NPDC's Bowl going greener for summer shows
10 January 2019
It’s not gonna take a lot for Toto fans to recycle and reuse thanks to a raft of new initiatives to keep NPDC’s TSB Bowl of Brooklands clean and green during concerts and festivals. Thousands will be heading to the Bowl tomorrow (11 January) to catch Toto, Californian rockers Jefferson Starship and Kiwi legends Dragon for the inaugural Summer’s Day Live concert series. NPDC has joined together with Stratford and South Taranaki district councils, along with WOMAD organiser TAFT, to make it easier for concert-goers to go green with new rubbish and recycling stations. “The Bowl, a summer’s evening and great bands is a fantastic combination and it’s going to be another great season with The Hollies, WOMAD and Angus and Julia Stone still to come,” says NPDC Chief Operating Officer Kelvin Wright. “These new recycling and waste stations are a great idea and we’re delighted to be working with TAFT and South Taranaki and Stratford district councils. They’ll be used at events throughout Taranaki and will help us cut waste and for everyone to go greener as we work towards Zero Waste 2040.” The five waste stations are part of the Toitopu Toiora Taranaki Green Initiative which is a region-wide push to improve recycling at community events. Volunteers at the Toto event will help concert-goers to put their rubbish in the right bins. There will also be environmentally-friendly options for those enjoying a tipple and fine food to the sounds of Africa, Rosanna and Nothing’s Gonna Stop Us Now. In a bid to cut the use of single-use disposable plastic cups, bars will be serving concert-goers NZ-made Globelets for a small deposit, which can be reused and recycled. Food vendors will also be using compostable packaging. The waste stations can be used at all events across the region, from small community events to large concerts and are currently being used by visitors to NPDC’s TSB Festival of Lights which runs until 3 February in Pukekura Park. The introduction of the new waste stations follows WOMAD’s successful long-standing Zero Waste programme. They will also be used at The Hollies on 1 March and folk-indie sensations Angus and Julia Stone concert on 31 March. Bowl fast facts The TSB Bowl of Brooklands is a unique permanent outdoor sound stage with a large grass amphitheatre set in Pukekura Park. The capacity is 15,000. Christmas at the Bowl has been staged there every year since 1999. Many major artists have performed at the Bowl, from Dame Kiri te Kanawa to Sir Elton John and R.E.M and Fleetwood Mac. The Bowl was built in 1957, and the first ever event there was The Festival of the Pines in 1958. It’s the venue for WOMAD each March.
Lake Rotomanu levels lower
09 January 2019
Lake Rotomanu’s outlet has sprung a leak and the water level is slightly lower than usual. We’re working to fix the problem, but it might take a while for the water to rise again. Please take extra care if you’re in or on the lake and remember to check the map of the lake at the boat ramp so you’re aware of possible risks from rocks.
Egmont Road closed for road markings
08 January 2019
There will be some road marking work on Egmont Road this Thursday (10 January) so the road will closed from about 3pm from the first set of gates at the start of Egmont National Park. The work will be happening at the North Egmont Visitor Centre car park, the Waiwhakaiho car park and Kaiauai Rock car park. If the work is delayed by the weather, the road marking will take place on 11 January. We’ll also be putting up a notice about the work at the Kaimiro Hall. The road is expected to be back to normal on Friday. Thanks for your patience while we complete this work.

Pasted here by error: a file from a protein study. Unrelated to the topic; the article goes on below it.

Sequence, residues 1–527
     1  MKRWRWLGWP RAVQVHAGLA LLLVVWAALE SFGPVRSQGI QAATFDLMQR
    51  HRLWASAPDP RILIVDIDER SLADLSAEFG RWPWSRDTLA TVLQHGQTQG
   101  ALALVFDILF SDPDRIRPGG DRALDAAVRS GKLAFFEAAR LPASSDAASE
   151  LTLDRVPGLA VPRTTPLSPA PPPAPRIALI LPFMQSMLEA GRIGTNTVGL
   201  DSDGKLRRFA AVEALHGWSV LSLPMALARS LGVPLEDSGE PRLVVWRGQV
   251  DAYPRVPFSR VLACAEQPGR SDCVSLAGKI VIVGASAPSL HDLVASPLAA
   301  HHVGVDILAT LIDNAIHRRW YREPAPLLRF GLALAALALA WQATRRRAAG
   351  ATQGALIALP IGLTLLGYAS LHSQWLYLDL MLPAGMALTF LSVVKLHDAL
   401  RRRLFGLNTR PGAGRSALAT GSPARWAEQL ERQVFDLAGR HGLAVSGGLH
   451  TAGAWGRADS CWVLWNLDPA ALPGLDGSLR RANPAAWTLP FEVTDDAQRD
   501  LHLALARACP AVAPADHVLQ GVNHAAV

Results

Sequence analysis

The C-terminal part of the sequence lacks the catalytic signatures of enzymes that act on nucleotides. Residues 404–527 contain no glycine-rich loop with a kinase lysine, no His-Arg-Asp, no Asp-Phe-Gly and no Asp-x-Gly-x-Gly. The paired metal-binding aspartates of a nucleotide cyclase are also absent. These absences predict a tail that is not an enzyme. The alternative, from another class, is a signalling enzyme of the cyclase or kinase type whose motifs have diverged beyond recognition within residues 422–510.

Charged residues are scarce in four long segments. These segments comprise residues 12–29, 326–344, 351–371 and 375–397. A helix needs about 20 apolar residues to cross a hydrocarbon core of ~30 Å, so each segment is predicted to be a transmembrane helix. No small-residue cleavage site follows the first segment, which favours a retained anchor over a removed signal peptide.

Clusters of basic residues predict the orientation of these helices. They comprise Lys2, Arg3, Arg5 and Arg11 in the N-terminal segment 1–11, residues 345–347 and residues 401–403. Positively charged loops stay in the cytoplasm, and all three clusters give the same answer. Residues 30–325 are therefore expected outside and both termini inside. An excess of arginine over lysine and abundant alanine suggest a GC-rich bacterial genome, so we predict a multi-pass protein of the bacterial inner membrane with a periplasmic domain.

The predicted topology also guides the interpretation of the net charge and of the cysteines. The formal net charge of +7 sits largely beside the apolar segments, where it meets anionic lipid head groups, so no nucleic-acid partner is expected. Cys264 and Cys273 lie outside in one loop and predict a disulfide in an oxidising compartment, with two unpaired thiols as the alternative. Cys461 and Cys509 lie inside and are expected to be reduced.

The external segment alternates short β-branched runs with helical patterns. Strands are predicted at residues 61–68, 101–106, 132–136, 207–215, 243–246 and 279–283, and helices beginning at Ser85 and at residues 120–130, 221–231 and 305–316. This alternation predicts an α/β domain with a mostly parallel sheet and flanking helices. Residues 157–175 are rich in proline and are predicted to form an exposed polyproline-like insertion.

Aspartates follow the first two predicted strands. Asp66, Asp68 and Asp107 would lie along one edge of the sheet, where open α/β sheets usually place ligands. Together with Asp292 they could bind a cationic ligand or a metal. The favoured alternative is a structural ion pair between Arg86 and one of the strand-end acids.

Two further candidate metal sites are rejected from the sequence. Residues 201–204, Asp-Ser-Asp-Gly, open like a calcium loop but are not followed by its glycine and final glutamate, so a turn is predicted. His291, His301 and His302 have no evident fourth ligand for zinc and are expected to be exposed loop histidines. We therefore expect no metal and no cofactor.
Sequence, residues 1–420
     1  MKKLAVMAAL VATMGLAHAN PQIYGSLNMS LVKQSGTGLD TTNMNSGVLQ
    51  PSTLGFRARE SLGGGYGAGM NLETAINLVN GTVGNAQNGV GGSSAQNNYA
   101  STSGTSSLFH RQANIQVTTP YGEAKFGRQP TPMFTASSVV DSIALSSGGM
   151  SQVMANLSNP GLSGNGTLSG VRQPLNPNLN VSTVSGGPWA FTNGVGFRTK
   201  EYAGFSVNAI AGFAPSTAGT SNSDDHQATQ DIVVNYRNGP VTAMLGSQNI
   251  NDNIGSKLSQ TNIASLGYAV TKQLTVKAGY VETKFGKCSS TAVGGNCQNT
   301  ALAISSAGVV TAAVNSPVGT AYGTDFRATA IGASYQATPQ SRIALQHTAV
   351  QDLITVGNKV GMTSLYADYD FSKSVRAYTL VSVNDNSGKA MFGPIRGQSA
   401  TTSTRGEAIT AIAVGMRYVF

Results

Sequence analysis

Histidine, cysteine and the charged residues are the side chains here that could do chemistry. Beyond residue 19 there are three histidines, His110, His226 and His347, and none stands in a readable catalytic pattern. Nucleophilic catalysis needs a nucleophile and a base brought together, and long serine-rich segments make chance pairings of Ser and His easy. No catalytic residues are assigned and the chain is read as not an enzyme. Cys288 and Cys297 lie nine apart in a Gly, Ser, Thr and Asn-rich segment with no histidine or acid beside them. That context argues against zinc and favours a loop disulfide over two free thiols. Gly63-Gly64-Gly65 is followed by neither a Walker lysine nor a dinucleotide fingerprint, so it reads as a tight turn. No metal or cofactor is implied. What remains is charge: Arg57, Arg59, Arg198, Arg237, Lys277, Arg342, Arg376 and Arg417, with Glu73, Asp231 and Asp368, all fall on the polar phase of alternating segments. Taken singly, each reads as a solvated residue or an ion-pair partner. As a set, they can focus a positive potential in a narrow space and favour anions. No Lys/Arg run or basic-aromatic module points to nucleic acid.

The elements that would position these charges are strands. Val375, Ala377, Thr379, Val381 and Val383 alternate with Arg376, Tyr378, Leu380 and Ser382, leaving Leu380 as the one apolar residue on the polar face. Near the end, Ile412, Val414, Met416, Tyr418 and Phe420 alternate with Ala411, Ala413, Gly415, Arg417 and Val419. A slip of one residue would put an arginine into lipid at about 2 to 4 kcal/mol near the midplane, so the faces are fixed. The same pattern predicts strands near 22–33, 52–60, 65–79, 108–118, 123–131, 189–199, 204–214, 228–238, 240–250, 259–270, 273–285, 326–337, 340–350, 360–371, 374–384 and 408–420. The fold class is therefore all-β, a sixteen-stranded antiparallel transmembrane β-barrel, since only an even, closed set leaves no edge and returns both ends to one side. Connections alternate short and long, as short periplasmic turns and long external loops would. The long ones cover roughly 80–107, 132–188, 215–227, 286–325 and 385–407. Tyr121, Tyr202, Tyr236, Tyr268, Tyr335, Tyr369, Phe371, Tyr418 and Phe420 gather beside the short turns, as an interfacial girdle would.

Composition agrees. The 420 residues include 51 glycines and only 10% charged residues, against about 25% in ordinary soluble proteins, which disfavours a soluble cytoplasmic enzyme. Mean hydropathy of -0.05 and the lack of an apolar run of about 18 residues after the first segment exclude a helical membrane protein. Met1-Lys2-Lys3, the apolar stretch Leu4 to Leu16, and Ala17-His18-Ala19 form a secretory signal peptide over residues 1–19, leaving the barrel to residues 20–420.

Dynamic international duo to lead Govett-Brewster Art Gallery/Len Lye Centre
20 December 2018
NPDC has appointed Aileen Burns and Johan Lundh as co-directors of the Govett-Brewster Art Gallery/Len Lye Centre. The announcement follows a six-month global search. Burns and Lundh are currently executive directors of the Institute of Modern Art (IMA) in Brisbane, Australia and formerly co-directors of the Centre for Contemporary Art (CCA) in Londonderry/Derry, Northern Ireland. They will start in the role in March. NPDC Chief Operating Officer Kelvin Wright said: “We’re delighted to appoint this dynamic duo with proven international experience to work with our local community on the gallery’s next chapter. It’s an important part of our economy contributing about $7 million each year and I know Monica Brewster, the courageous founder who took a punt to fund a contemporary art gallery in New Plymouth in the 1970s, would be proud of this equally innovative and bold leadership approach,” says Wright. Taranaki Iwi CEO, and interview panellist, Wharehoka Wano, said: “Aileen and Johan bring with them experiences from their previous roles in Londonderry/Derry, Northern Ireland and Brisbane, Queensland, including working closely with aboriginal communities to add the indigenous voice and stories from those communities to the contemporary gallery setting. Between them they add a high level creative and technical skill set that is required in this new role and an energy which is well suited to the Govett-Brewster Art Gallery and Len Lye Centre.” Burns and Lundh are excited about the role. “We are honoured to take up the Directorship of the Govett-Brewster Art Gallery/Len Lye Centre. We have followed its programme for many years and been impressed with this ambitious organisation. We share a passion for the artist-centred spirit of the Govett-Brewster and look forward to furthering its development, achievements and reputation,” the co-directors said. “It will be a great pleasure to lead it to its 50th year in 2020 as we celebrate its past and plan for its bold future. We look forward to working closely with the staff and city team, foundations, partners and stakeholders to keep art at the centre of civic life for the local community and visitors.” Aileen Burns holds an MA in Modern Art from Columbia University, New York, and a BA with Honours in Art History and Cinema from the University of Toronto, Canada. Johan Lundh holds an MA and BA from Konstfack University, Stockholm, Sweden. They have written extensively, curated and produced exhibitions, artist projects and programmes globally. The Govett-Brewster Art Gallery/Len Lye Centre is owned and operated by the New Plymouth District Council, which governs the museum under the terms of the founding Monica Brewster Trust Deed, in association with the Len Lye Foundation.